The rise of mega-donors has been an important storyline in the unfolding drama of the 2016 presidential election (for example, see here). The presence of these donors in the political game (or at least their visibility) is partially the result of the Supreme Court’s decision in Citizens United. But more interesting is whether the rise of these mega-donors has caused the explosion of seemingly viable (mostly Republican) contenders for the 2016 election.
…Citizens United has created a new dynamic within the Republican Party. Call it the politics of plutocratic patrons, and at the moment it is causing the GOP to eat itself alive.
Continuing, Conn notes that the argument
works something like this: With the caps lifted on spending, any candidate who can find a wealthy patron can make a perfectly credible run at the nomination.
I’ve added the underline because this is where “the math” gets interesting. If by perfectly credible, one means, “capable of spending lots of money,” then yes, I agree. That was actually always true: the right of an individual (i.e., a “wealthy patron”) to buy advertisements for any political issue/candidate has never been effectively curtailed. Rather, the right of individuals to contribute without limit to organizations that can then do so has been, in fits and starts, regulated.
More importantly, though, the fact that anyone can do so now does not mean that wealthy patrons can guarantee that any candidate can make a “perfectly credible run” at the nomination. As Conn notes, Foster Freiss is bankrolling Santorum’s 2016 bid. …Does anyone think that Rick Santorum is a perfectly credible candidate for the GOP nomination?
Maybe Foster Freiss.
No, Rick Santorum is not going to win the GOP nomination. Neither is Rick Perry. Neither is Chris Christie. Neither is Carly Fiorina. Neither is Bobby Jindal. Of course, I might be wrong on any one of those five. But I will assuredly be right on at least four. In fact, if I wanted to type enough, I could be right about no fewer than 15 people who are currently running for the GOP nomination not winning it. (Evidence? For the latest, see here.)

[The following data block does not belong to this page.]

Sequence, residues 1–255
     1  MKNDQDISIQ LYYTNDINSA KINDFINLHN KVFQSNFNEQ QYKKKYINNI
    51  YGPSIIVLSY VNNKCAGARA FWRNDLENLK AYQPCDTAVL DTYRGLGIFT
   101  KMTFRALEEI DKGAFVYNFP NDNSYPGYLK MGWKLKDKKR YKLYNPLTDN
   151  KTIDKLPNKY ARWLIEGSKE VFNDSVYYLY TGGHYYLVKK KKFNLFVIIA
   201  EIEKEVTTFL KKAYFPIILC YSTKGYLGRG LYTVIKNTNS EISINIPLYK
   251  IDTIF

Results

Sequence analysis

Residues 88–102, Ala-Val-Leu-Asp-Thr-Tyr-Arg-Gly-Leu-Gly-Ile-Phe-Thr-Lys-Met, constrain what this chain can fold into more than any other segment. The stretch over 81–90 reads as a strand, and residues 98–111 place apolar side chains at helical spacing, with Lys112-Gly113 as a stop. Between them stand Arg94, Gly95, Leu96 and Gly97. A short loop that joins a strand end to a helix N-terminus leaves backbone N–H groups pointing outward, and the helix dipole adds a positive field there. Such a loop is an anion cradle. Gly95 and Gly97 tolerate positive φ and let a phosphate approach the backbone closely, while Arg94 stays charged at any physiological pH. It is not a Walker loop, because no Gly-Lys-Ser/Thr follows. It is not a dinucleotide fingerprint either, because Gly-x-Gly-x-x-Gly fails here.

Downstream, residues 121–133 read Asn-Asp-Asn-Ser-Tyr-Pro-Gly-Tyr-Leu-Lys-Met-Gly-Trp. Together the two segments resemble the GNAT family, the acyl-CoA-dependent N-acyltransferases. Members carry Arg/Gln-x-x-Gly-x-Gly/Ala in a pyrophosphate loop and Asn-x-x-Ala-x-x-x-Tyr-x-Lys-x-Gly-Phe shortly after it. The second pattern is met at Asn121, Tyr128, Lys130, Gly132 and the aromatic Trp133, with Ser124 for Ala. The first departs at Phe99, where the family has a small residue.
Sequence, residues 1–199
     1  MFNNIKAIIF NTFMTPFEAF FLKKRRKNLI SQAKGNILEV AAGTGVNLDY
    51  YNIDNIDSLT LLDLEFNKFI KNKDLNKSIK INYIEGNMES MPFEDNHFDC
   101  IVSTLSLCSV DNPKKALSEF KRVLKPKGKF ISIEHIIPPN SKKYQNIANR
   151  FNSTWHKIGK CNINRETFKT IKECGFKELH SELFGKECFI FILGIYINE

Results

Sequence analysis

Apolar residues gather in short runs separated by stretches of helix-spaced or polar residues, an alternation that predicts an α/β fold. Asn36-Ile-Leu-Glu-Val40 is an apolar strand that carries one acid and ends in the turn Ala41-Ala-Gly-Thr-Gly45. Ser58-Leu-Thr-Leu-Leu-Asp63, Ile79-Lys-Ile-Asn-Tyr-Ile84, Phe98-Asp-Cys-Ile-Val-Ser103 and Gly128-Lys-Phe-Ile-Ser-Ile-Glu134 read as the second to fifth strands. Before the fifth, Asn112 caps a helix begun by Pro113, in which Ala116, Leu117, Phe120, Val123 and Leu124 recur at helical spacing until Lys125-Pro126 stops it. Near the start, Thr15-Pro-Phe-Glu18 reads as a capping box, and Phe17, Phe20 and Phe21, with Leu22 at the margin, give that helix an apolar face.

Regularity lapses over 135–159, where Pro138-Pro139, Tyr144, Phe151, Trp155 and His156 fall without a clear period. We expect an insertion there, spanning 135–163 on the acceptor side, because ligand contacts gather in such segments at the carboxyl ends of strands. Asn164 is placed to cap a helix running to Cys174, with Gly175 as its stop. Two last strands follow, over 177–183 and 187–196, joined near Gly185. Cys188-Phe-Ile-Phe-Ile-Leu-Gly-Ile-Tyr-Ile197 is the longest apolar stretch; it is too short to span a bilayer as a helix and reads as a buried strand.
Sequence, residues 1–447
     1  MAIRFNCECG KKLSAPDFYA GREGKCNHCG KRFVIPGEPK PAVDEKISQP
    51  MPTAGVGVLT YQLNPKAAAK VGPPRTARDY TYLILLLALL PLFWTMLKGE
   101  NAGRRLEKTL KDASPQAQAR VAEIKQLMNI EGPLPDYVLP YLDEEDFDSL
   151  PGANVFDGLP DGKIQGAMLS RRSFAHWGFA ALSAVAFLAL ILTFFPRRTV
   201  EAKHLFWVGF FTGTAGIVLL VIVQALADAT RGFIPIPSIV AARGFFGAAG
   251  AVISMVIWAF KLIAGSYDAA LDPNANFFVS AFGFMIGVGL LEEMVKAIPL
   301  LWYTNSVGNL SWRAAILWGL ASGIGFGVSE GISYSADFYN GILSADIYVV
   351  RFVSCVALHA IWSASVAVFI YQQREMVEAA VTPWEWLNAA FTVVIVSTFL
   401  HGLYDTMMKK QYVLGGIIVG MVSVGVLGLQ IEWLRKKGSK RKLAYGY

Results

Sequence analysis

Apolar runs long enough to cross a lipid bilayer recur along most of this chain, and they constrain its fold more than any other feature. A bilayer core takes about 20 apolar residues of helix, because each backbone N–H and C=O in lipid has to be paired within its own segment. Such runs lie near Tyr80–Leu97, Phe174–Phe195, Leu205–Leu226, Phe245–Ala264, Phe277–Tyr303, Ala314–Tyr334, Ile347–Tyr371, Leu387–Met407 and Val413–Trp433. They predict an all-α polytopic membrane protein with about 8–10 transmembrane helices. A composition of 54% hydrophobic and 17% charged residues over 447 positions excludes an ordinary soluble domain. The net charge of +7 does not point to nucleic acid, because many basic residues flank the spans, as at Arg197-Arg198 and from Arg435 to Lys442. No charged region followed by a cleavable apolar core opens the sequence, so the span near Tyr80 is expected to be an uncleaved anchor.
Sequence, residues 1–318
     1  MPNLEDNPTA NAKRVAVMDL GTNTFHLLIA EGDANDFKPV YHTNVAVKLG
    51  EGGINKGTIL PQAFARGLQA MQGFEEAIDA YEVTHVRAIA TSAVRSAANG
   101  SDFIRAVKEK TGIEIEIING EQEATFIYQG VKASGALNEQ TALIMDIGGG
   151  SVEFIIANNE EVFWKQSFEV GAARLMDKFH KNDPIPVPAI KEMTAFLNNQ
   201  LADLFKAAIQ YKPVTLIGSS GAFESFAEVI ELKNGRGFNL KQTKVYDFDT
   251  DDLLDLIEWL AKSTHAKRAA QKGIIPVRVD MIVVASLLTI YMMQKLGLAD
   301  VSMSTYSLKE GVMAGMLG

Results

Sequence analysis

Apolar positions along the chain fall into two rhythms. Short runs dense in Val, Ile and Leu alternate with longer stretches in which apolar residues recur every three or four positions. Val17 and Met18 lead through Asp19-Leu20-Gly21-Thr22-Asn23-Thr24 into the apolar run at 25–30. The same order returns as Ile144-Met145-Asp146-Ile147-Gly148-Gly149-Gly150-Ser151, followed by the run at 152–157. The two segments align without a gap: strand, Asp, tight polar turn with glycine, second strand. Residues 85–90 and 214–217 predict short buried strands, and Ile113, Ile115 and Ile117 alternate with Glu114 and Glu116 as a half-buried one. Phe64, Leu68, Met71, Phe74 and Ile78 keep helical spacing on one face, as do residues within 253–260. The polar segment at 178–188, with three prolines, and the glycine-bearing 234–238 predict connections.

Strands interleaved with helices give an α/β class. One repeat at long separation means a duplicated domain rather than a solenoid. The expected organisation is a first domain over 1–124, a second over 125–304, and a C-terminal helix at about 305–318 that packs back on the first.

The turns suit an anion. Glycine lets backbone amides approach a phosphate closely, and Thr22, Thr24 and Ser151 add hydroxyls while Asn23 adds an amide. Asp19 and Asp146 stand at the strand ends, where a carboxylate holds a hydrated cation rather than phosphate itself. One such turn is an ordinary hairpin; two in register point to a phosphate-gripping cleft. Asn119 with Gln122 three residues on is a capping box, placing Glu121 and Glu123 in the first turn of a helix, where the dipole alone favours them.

Simply put, if there are 16 “perfectly viable” candidates for the GOP nomination, then I’m throwing my hat in the ring, too. WHY NOT?
Look, a wealthy donor can get you in the media. That is easy, to be honest, if you have the money. To be a credible candidate, you have to have a chance of winning. Only one can win. Lots can spend. In social science, we often describe this kind of competition as an “all-pay auction.” In an all-pay auction, the highest bidder gets the prize after paying his or her bid. All of the other bidders pay their bids and don’t get a prize. It is a stinky, foul game. (Kind of like running for the presidency.)
In the mega-donor world, the donors are now the bidders, and we are to believe that they want to create viable candidates through their monies spent. But this is at odds with two points, one empirical and one theoretical. The empirical point is that these mega-donors are often successful investors and businesspeople. The theoretical point is that, when there is a single prize, the all-pay auction should not generally see any positive bid from more than two bidders.